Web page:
1. “Please remember that these families need more than basic supplies to survive this ordeal. They need a home.” Ms. Taylor goes to the heart of pastoral care with these words. It is very good to donate money to the Red Cross and diapers to the homeless shelter. True pastoral care, however, is a matter of seeing and listening to stories of woundedness and loss. A healing ministry is a matter of offering a home to a homeless heart. I’m reminded of the parable of the Good Samaritan, which we might take as a metaphor for both interfaith hospitality and for offering true pastoral care. The good neighbor is the one who sees woundedness and takes the time to take the injured man to an inn – a home. It’s certainly not a coincidence that the origin of the word “hospitality” is the Latin “hospes” meaning host, guest, or stranger. Hospitality is offering a safe haven, a home to the stranger. We can offer a home, regardless of whether we’re in Oklahoma, by opening our hearts and listening to the stranger’s story.

  2. Allana, your presentation of “home” is thoughtful and relates to the practice of “presence.” Having worked with home-challenged (homeless) folks for many years, I would only suggest that we need to be careful about spiritualizing the human need, human right, for adequate shelter. I was troubled by your opening line that home had “little to do” with the physical, but I hear your point. A truly compassionate, inclusive response to the (daily) tragedy of lost homes has to offer both physical and emotional stability. Thank you.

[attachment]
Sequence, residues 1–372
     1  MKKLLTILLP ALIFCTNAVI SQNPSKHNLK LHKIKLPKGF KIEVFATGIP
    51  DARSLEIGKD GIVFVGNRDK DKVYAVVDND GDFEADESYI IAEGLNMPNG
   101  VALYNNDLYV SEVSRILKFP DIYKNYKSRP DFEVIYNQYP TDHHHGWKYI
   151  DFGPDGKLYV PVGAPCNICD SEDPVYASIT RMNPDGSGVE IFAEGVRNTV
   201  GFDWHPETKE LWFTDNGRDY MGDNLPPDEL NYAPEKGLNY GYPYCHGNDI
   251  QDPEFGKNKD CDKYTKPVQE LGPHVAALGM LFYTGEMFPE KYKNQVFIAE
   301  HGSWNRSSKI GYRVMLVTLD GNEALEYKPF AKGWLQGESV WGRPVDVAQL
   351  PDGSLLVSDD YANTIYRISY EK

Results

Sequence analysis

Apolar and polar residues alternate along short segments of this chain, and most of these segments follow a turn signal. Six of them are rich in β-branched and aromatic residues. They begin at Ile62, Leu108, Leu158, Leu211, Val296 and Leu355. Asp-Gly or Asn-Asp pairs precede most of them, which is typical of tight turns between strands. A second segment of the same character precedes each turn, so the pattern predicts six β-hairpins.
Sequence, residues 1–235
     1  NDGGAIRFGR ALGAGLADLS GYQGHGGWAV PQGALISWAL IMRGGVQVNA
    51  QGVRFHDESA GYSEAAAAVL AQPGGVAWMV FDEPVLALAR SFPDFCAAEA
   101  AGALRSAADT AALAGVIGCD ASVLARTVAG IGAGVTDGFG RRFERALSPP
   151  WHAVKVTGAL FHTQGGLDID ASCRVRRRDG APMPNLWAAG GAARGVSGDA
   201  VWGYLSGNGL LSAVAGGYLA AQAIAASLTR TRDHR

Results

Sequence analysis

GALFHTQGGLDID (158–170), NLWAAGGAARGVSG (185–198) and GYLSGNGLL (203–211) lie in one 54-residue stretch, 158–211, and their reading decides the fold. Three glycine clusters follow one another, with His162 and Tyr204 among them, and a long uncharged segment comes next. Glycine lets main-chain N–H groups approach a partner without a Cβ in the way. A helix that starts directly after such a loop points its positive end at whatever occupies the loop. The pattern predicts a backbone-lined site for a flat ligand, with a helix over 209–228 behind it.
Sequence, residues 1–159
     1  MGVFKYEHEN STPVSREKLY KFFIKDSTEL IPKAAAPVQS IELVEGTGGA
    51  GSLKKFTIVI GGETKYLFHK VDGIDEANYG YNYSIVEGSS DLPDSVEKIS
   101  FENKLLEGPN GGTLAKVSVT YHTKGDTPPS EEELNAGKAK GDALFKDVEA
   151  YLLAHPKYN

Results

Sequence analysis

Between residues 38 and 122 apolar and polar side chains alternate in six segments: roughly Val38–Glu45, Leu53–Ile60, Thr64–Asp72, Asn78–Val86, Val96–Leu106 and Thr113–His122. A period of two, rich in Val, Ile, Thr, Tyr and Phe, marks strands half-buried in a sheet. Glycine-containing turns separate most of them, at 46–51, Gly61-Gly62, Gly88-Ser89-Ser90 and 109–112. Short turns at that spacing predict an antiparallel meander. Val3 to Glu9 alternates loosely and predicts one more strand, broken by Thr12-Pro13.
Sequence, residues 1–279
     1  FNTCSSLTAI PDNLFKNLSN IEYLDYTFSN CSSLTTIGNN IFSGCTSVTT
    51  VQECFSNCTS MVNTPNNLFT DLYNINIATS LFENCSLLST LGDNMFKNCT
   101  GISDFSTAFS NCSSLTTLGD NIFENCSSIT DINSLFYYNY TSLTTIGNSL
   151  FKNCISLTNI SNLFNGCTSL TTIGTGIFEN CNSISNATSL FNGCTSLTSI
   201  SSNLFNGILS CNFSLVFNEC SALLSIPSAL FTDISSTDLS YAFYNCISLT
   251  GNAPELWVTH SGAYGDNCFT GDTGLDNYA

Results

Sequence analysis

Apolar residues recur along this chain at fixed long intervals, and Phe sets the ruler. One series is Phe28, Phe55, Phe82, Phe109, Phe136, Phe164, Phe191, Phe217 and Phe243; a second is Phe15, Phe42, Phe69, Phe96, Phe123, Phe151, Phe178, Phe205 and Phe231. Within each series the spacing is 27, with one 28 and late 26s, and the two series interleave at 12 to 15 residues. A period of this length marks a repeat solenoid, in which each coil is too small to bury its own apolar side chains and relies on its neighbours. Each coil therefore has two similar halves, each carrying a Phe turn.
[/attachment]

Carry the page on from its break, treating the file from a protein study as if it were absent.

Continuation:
3. This is a both/and. The home-challenged need both material shelter and spiritual support.

  4. I’m with you, Susan, yet cautious about the “spiritual support” element. The Salvation Army offers that. Evangelical agencies and congregations offer that. My question is, when does the “spiritual support” become the be-all and end-all of helping? This connects to one critique of Mother Teresa, who “helped the poor” because she saw them as “Jesus in distressing disguise.” I look upon that kind of “spiritual support” as self-serving and self-righteous. Why can’t people simply help when others need help and in the manner in which they need assistance, without “doing it for the Lord”? Of course, everyone has an agenda. But I’ve seen too many abuses of “serving others to serve God” to take this lightly. In fact, the potential for dehumanizing by spiritualizing is pretty upsetting.

  5. I hear you, Chris. When self-serving “spiritual support” is about the needs of the giver rather than the needs of those who need help, it’s condescending and worse. But it can go the other way too. It’s easier to drop a check in the mail (okay those checks are important yes please do drop them in the mail) than it is to really see and listen. And there are some who aren’t able to give material support but could be great at offering healing to the heart, just by being a good listener and offering a few well-chosen, appropriate words of support.

  6. Thank you for sharing your thoughts on home with us and for reminding us that while much physical aid is needed, emotional aid is even more imperative. It’s a great reminder that our home is more than simply a physical dwelling, and yet at the same time, the physicality of where we are stationed remains important.